Venda pension battle: Complainant dies as case drags on

Public protector Busisiwe Mkhwebane says she will continue to offer her assistance to the family of Tshimangadzo Tshiololi. File image
Public protector Busisiwe Mkhwebane says she will continue to offer her assistance to the family of Tshimangadzo Tshiololi. File image
Image: Moeletsi Mabe

Public Protector Busisiwe Mkhwebane has offered her condolences to the family of a man who has died without a resolution to a 12-year pension dispute affecting dozens of former employees of the former Venda homeland.

“It is saddening that Mr Tshiololi, like several former civil servants from the defunct Venda administration, passed away while still awaiting justice, even after successfully obtaining the assistance and intervention of an independent constitutional institution,” said Mkhwebane.

Along with two of his colleagues, Tshimangadzo Tshiololi had approached then public protector Lawrence Mushwana in 2008 on behalf of a group calling itself the “Vhembe Concerned Pensioners,” she said in a statement.

They alleged that the Government Employees Pension Fund (GEPF) and the National Treasury acted improperly during the privatisation of the Venda Pension Fund (VPF), thereby prejudicing members of the fund. They also alleged that, as a result of the  privatisation, they were not entitled to full pension benefits in terms of the Government Employees Pension Law (GEP Law).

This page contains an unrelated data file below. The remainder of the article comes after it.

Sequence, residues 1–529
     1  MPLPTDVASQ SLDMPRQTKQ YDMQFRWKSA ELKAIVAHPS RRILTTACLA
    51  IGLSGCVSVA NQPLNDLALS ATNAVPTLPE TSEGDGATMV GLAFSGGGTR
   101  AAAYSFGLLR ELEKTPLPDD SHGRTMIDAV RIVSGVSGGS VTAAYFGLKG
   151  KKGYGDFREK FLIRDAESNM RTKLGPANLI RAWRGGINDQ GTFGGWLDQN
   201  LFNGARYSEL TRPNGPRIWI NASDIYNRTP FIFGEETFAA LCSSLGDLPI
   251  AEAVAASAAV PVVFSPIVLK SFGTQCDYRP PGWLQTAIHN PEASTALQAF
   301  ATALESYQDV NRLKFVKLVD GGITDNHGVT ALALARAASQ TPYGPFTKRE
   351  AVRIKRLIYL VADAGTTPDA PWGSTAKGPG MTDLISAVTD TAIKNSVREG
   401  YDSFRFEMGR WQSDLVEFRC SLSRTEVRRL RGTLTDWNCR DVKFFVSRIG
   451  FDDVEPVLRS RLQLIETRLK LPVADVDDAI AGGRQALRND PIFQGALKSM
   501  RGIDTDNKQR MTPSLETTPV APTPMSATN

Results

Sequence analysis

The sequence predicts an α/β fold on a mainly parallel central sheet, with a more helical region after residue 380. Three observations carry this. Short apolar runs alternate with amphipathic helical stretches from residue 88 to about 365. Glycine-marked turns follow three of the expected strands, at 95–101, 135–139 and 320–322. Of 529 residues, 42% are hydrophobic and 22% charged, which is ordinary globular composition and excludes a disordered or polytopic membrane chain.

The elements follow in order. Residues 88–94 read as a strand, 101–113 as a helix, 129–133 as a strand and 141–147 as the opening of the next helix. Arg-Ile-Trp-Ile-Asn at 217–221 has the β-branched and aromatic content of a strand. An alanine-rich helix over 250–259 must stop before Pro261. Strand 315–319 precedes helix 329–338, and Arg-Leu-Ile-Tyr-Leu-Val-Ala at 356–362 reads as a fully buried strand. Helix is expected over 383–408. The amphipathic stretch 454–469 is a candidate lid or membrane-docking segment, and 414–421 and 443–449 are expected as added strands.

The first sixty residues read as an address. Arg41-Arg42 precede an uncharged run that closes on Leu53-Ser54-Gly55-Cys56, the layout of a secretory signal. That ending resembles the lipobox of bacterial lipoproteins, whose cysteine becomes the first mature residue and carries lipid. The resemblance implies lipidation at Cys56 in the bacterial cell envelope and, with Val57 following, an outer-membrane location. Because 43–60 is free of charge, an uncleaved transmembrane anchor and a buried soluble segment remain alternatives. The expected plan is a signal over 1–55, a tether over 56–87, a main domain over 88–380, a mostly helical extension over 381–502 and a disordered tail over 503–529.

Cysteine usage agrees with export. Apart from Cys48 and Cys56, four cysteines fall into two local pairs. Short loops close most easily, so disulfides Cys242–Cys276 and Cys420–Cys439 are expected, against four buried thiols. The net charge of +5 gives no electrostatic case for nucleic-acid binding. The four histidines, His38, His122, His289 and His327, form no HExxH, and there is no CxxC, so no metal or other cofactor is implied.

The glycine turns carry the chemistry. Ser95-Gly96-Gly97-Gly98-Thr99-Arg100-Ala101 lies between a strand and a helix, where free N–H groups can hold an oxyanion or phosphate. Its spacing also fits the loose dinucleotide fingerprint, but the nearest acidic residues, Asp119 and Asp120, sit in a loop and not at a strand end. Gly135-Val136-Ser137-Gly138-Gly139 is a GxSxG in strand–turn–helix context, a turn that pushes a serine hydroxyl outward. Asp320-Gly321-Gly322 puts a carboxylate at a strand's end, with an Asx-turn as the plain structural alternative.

In a report released in November 2011, another former public protector, Thuli Madonsela, found that the complainants had been prejudiced and directed the department of public services and administration (DPSA) and the National Treasury to review the implementation of Privatisation Schemes of the former VPF.

Mkhwebane said by 2017, the implementation of remedial action remained outstanding, with government citing a number of stumbling blocks, including fears that implementation would “open the floodgates” in respect of the potential for similar claims from former members of pension funds in respect of other erstwhile homeland governments.

In a special report on the case, Mkhwebane said she confirmed Madonsela’s findings and remedial action. She recommended a process based on a closed list of complainants to establish a reasonably reliable database of beneficiaries of this office’s remedial action and to assess the potential prejudice and losses of these beneficiaries with the aid of an actuary.

She also recommended that the Treasury commit funds for the recalculation of pension benefits by the Government Pension Administration Agency (GPAA) of complainants who became members of GEPF after 1996, and/or ad hoc compensation of those who retired before the amalgamation of the various pension funds, to reimburse their reasonable losses as estimated with the assistance of the actuary.

Finance minister Tito Mboweni in March 2019 approached the high court to have the reports by Mkhwebane and Madonsela reviewed and set aside. In August last year, the minister’s interlocutory application was dismissed.

“The minister indicated that he would appeal. His papers in this regard have yet to be received,” said Mkhwebane.

She said she would continue to offer her assistance to Tshiololi’s family.

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